A rare bye week on the PGA Tour means no cut this Friday, but we’ve got you covered with more than enough winners, losers and others to carry the golf world through the break.
The right Price. International captain Nick Price is still more than a month away from his second turn as skipper and already he has scored some metaphorical points for the rest of the world.
Price selected Steven Bowditch, an in-form rookie who makes a ton of birdies which is crucial during these international team events, and Sangmoon Bae, a South Korean star-in-waiting who is due to report for 21-months of mandatory military service at the end of this season.
Although Bae was likely a difficult choice given the political volatility of his situation, Price took a gamble that will pay off in home-crowd support and potentially crucial points.
Price also received an assist from one of his veterans. Ernie Els, a staple on nearly every International team since 1996, was in a similar position to Phil Mickelson on the points list but removed any potential urge for the International captain to make a similarly sentimental choice.
“I told Nick, I said, ‘Please don’t think of my experience and all my Presidents Cup play that I’m putting any pressure on you to pick me. Pick who you have to pick. Pick who is best for the team,’” Els said.
This may not be the year the Internationals turn the tide in what has become a biennial blowout, but it won’t be the result of a lack of effort from Price.
Playoff progress. Golf’s version of postseason pressure has always been relative.
For some, just making it to The Barclays, the first playoff stop, is a measure of success and job security, with the drawback for those not advancing to all four postseason events a few weeks off and a full PGA Tour card in 2015-16.
For Hunter Mahan, however, the pressure was very real, if not self-imposed, as he scrambled to keep his playoff hopes alive on Monday. Mahan is the only player to have participated in every postseason event in the FedEx Cup era.
Mahan closed with rounds of 64-70 to tie for fourth place, his first top-5 finish in 2015, and moved from 91st on the point list to 52nd and into next week’s BMW Championship.
“It's the goal of every player to be in the Tour Championship at the end of the year. I'm proud of that and I want to continue that this year,” Mahan said at TPC Boston.
Mahan still has work to do if he’s going to keep his streak alive and earn a spot at East Lake, but the pressure seems to be exactly what he needed to kick start his season.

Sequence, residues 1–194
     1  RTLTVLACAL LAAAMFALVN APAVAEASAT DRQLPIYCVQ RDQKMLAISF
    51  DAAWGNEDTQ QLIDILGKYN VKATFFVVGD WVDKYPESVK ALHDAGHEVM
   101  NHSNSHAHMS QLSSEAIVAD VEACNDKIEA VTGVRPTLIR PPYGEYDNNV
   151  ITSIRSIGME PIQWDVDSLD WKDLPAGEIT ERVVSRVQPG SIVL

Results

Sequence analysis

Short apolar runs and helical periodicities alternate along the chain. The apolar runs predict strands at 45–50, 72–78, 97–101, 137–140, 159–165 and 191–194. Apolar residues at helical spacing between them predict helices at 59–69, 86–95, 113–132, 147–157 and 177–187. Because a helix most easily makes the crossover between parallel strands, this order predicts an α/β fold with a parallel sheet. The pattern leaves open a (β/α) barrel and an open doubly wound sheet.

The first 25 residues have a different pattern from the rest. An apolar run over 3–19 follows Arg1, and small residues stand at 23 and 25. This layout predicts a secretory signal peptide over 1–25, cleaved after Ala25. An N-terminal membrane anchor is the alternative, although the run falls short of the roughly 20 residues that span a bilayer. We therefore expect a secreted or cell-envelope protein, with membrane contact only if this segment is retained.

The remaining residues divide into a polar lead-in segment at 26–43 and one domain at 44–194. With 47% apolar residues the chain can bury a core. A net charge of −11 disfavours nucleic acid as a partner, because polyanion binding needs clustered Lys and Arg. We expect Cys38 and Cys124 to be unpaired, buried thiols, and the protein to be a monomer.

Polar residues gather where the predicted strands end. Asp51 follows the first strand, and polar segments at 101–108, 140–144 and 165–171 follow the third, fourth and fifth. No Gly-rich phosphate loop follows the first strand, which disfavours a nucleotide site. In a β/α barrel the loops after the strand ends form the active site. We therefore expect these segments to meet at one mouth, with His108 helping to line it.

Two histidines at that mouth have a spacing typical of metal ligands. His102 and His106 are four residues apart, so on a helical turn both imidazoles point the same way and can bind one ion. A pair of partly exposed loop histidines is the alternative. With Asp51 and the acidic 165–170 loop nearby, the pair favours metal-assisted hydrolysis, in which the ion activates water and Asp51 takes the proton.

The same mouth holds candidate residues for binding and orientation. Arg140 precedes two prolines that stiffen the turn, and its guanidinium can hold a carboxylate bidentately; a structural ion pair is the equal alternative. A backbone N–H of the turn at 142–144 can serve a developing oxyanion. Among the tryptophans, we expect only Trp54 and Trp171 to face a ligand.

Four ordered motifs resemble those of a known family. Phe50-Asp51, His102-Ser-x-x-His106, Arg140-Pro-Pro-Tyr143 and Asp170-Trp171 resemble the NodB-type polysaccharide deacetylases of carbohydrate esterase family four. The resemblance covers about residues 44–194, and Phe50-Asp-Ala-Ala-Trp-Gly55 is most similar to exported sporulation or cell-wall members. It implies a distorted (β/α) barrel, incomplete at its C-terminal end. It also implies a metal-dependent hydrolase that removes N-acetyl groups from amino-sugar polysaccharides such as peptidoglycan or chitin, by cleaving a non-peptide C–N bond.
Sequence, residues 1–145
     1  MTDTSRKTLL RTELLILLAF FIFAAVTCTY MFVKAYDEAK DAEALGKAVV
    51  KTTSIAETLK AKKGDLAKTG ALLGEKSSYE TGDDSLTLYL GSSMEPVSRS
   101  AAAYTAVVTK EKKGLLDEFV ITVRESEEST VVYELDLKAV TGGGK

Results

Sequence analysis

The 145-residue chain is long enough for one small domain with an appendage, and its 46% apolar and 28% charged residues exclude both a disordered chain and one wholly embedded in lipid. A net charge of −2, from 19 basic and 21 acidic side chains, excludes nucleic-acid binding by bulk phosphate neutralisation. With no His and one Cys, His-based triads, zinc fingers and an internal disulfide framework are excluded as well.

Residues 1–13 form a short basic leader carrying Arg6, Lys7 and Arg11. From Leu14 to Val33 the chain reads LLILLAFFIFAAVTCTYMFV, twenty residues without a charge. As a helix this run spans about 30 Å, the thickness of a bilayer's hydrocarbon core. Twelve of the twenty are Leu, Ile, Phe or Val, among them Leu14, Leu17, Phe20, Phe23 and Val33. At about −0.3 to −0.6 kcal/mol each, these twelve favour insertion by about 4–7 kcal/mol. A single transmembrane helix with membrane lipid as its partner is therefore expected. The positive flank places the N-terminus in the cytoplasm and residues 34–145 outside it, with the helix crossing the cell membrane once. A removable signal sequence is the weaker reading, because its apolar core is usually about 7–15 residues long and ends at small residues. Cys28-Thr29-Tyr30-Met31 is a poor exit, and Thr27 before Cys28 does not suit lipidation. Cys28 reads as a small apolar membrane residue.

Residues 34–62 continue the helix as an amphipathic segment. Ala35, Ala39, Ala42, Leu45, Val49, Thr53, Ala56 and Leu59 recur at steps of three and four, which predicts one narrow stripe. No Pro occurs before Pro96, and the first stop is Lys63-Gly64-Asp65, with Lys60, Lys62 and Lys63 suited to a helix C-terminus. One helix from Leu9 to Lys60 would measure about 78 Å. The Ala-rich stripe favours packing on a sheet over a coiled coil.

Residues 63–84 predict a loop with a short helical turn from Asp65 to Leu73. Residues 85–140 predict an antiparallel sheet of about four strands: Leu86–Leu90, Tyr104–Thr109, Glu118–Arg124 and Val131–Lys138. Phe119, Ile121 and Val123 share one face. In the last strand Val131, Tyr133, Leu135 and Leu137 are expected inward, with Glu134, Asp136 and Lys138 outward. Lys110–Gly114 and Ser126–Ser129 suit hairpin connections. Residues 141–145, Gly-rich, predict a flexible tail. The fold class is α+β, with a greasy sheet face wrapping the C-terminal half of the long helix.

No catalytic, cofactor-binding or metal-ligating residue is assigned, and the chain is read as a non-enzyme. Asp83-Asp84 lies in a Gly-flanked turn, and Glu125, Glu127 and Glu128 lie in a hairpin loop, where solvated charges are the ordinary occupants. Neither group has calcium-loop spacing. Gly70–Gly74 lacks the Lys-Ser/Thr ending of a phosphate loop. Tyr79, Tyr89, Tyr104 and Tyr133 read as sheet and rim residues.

Tweet of the week:
Thanks for all the support from my fans. Truly means a lot. My day will come when I make a team. Go USA!!! #RedWhiteAndBlue— Billy Horschel (@BillyHo_Golf) September 8, 2015
Horschel was bypassed, again, for a potential captain’s pick at No. 14 on the U.S. point list.
Made Cut-Did Not Finish (MDF)
Captain’s choice. To be clear, no one “deserves” to be a captain’s pick. The only way to assure yourself a spot on any team is to qualify, so the idea that someone was somehow slighted by this week’s selections is misguided.
A pick is, with apologies to all of those who carry Walkie Talkies and motor around in customized golf carts, a captain’s most important job.
Captain’s picks rarely emerge as the Man of the Match, but they can turn out to be liabilities – Greg Norman’s selection of Adam Scott during the 2009 matches when the Australian went 1-4 immediately comes to mind – and Jay Haas’ decision to go with a comfort pick in Phil Mickelson feels like the latter.
This isn’t about making room for the next generation or what other players “deserved” a pick ahead of Mickelson, this is about doing what’s best for the American team and given Lefty’s record the last two years it’s hard to say he was the right man.
Postseason swoon. While Mahan was one of four players to move into the top 70 with their play at last week’s Deutsche Bank Championship, Sergio Garcia will also be in the field at Conway Farms, but his journey to the BMW took a vastly different road.
The Spaniard sat out the first two playoff stops and has dropped from 31st to 54th on the point list.
According to Garcia’s manager, he simply wanted some extra time off and that’s certainly his prerogative, but he will need a big week at the BMW if he’s going to advance to East Lake for the fourth consecutive year otherwise he could have simply taken the entire month off.
Something is rank-ing. Rory McIlroy didn’t play The Barclays and reclaimed the top spot in the Official World Golf Ranking from Jordan Spieth. Spieth missed the cut at the Deutsche Bank Championship and jumped ahead of the Northern Irishman on Monday.
What’s next, Jason Day overtakes both would-be alpha males by playing his final 18 holes left-handed in his next start?
Actually, McIlroy will regain the No. 1 ranking this week despite the world’s best players remaining idle this week.
It’s always tough to criticize the ranking, however complicated it might be, because there’s never been an easier, more straightforward way of determining the world order.
There is still no magic bullet when it comes to the ranking math, but there certainly must be something that makes more sense than the current model.